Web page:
Feature vectors characterizing time-slices of the preemphasized signal are then formed by SIU 21, as shown at step 610. The time-slices are provided by a 45 millisecond (ms) Hamming window which is shifted every 15 ms (thus, a given 45 ms time-slice overlaps adjacent time-slices by 30 ms). Each time-slice is the basis of a vector of 10th order autocorrelation coefficients representing the time slice. This vector is referred to as a feature vector. The feature analysis performed by SIU 21 is well-known in the art and is described in further detail by C.-H. Lee, et al., Acoustic Modeling for Large Vocabulary Speech Recognition, 4 Computer Speech and Language 127-65 (1990), which is hereby incorporated by reference as if set forth fully herein.
SIU 21 then segments the feature vectors into sets of vectors representing the respective digits of the utterance as shown at step 615. Segmentation of the subscriber's utterances into digits is performed using speaker-independent recognition of digit and non-speech signals well-known in the art.
SIU 21 passes the resulting segmented autocorrelation coefficient feature vectors, the ASCII representation of the corresponding digit string, and the subscriber's account code to controller 45 for further signal processing as will be explained below (see step 620). As shown at step 625, the above process is repeated for each of the balance of the string utterances prompted at step 600.
In addition to providing a basis to accomplish speaker verification, the registration procedure also involves an analysis of utterances to provide a basis for the recognition of subscriber labels. For example, assume that the new subscriber specified (a) "call home" and "call office" as calling labels and (b) "bill Visa" as an overriding billing label. SIU 21 registers the new subscriber's voice representation of those labels by passing the ASCII equivalent (text version) of the first calling label ("home") through a text-to-speech processor and transmitting the result to the subscriber along with a request to verbally repeat the label. Responsive to the subscriber's utterance of that label, SIU 21 segments the subscriber's speech signals into a series of subword unit phoneroes characterizing the internal label and associates each such subword unit phoneme with a particular index value, thereby forming a series of indicas, or numbers. Thus, a particular utterance of a label is modeled as a series of indices and stored in memory. Thereafter, the particular utterance may be interpreted by generating such a series of subword indices for the utterance, and comparing the generated series with each priorly stored series of indices characterizing respective labels. The stored series that compares with the generated series will then point to the telephone number, or billing account, identified by the utterance. SIU 21 then passes the resulting ASCII indices, the corresponding ASCII representation of the voice label and subscriber's account code to controller 45 via LAN 30. SIU 21 then repeats the foregoing process for each of the subscriber's other labels.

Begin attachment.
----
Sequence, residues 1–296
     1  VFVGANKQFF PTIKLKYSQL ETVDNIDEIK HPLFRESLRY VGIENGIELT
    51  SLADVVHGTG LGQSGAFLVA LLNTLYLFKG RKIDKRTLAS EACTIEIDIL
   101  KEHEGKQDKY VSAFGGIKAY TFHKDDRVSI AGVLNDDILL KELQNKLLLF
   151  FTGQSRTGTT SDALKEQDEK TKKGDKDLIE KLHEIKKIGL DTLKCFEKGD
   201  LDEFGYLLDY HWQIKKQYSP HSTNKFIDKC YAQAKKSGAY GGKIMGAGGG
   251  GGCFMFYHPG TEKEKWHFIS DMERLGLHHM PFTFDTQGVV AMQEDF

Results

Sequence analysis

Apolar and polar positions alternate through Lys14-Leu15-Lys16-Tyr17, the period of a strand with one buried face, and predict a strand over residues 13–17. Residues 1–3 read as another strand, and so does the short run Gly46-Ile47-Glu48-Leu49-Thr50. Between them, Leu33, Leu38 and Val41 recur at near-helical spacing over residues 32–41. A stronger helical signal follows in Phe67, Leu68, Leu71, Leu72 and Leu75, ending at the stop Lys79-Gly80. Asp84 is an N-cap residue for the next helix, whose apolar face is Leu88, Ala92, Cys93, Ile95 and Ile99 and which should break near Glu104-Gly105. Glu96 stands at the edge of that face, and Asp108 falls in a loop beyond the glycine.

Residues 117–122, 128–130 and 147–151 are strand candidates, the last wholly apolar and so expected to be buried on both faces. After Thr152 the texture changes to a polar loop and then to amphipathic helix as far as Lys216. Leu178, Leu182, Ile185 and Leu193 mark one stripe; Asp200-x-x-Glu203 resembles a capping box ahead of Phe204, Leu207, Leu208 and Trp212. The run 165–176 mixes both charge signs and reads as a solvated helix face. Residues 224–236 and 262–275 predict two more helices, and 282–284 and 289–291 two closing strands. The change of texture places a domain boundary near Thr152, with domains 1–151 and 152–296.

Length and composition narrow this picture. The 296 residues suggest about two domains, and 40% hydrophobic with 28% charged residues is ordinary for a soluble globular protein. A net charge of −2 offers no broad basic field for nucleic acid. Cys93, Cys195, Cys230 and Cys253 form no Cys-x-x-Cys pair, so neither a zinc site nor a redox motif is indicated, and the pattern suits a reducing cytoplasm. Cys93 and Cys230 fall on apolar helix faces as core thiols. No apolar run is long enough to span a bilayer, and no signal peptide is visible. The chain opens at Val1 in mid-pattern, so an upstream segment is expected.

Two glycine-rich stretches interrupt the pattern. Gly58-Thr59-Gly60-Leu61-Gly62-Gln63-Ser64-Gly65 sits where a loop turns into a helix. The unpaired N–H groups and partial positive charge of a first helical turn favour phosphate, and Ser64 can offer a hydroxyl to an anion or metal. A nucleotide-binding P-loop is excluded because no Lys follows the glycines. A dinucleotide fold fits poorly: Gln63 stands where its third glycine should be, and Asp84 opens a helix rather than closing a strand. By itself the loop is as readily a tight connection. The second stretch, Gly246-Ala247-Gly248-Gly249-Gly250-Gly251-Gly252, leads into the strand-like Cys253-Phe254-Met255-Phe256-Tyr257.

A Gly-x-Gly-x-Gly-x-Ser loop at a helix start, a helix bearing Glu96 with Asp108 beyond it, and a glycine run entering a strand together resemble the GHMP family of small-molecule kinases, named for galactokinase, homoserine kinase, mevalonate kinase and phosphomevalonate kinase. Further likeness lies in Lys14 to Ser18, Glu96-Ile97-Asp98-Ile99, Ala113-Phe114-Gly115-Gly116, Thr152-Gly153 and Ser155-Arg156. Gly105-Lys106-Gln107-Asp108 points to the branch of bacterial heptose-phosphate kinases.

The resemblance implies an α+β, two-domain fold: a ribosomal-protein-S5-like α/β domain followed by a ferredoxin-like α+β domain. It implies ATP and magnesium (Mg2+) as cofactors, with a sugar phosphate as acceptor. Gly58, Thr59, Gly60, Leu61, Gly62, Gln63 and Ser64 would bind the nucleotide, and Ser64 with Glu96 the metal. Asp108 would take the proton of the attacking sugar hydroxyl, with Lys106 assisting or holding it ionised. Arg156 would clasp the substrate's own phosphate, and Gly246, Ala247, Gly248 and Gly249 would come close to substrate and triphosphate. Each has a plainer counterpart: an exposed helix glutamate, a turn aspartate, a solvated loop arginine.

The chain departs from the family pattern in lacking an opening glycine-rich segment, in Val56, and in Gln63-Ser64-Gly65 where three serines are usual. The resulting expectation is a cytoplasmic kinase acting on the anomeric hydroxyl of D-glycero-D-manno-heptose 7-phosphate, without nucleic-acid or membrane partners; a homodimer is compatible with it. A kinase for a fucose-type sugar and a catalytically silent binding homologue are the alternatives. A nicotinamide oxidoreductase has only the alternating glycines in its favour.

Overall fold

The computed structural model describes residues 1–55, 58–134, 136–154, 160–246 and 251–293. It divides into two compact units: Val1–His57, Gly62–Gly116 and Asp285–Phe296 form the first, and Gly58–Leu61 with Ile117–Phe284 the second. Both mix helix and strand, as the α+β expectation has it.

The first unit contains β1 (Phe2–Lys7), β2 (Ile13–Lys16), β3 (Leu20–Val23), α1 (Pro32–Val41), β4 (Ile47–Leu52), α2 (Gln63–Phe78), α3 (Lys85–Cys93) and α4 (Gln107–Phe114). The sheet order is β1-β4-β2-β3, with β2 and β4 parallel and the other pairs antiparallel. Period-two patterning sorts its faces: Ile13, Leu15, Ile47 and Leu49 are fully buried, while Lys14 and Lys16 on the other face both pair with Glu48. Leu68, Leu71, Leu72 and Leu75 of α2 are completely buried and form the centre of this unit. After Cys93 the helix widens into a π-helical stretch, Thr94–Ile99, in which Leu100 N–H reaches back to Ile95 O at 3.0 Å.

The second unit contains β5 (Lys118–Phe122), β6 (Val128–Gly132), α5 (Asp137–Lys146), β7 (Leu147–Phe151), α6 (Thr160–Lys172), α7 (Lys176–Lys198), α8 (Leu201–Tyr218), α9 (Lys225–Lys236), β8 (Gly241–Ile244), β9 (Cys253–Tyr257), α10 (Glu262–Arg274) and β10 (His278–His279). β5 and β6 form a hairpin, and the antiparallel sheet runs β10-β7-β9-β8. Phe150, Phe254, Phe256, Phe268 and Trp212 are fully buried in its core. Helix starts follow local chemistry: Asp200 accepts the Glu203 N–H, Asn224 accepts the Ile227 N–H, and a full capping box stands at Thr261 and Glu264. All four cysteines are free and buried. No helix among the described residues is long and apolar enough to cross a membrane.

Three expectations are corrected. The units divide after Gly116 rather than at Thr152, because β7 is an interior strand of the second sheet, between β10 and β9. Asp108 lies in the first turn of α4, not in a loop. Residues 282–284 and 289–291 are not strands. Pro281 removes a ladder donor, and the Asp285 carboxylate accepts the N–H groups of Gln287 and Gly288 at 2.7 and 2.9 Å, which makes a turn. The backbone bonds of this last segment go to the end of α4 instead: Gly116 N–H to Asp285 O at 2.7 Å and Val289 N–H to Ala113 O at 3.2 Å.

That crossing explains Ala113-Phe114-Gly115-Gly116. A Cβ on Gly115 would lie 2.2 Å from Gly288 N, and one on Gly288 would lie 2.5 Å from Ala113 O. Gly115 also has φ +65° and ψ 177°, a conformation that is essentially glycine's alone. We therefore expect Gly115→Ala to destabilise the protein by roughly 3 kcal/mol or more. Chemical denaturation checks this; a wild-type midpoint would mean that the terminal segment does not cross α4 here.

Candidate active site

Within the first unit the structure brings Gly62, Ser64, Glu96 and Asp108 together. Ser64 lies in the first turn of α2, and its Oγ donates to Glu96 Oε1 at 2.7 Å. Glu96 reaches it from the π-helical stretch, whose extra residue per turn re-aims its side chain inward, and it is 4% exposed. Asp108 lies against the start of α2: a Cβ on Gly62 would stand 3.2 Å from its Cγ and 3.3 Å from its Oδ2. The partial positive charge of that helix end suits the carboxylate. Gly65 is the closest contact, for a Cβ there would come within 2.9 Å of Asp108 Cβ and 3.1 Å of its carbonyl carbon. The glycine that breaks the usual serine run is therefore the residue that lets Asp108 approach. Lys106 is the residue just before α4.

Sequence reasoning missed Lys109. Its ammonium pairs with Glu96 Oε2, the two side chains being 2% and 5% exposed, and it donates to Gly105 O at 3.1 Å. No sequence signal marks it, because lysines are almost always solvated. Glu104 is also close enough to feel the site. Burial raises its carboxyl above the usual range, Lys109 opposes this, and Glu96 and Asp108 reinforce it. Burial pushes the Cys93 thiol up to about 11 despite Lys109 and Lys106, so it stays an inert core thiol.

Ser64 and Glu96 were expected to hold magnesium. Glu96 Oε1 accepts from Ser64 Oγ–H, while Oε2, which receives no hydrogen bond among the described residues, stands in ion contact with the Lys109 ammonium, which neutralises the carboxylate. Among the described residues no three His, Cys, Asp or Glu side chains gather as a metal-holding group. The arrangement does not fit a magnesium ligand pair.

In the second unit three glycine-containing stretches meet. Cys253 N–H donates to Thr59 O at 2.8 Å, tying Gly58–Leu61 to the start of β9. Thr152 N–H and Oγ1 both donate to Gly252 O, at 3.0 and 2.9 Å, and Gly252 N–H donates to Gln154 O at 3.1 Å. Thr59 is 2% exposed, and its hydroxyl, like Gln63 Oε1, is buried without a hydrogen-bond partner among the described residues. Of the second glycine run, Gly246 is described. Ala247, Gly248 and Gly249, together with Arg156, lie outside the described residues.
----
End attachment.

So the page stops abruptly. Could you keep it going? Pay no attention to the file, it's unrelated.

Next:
At this point, SIU 21 has essentially completed its part in the registration process. However, before returning control of the subscriber's telephone call to attendant 15, SIU 21 waits for a confirmation message from controller 45 indicating that voice verification models and feature vectors of the subscriber's speech utterances have been stored in database 50.